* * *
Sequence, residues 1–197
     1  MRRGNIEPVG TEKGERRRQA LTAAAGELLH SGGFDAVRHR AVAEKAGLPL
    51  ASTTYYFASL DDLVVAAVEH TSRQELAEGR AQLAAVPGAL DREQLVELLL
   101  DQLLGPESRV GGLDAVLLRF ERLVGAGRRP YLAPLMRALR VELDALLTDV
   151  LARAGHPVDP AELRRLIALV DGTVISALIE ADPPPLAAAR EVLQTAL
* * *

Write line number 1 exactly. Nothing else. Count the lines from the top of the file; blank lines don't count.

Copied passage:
Sequence, residues 1–197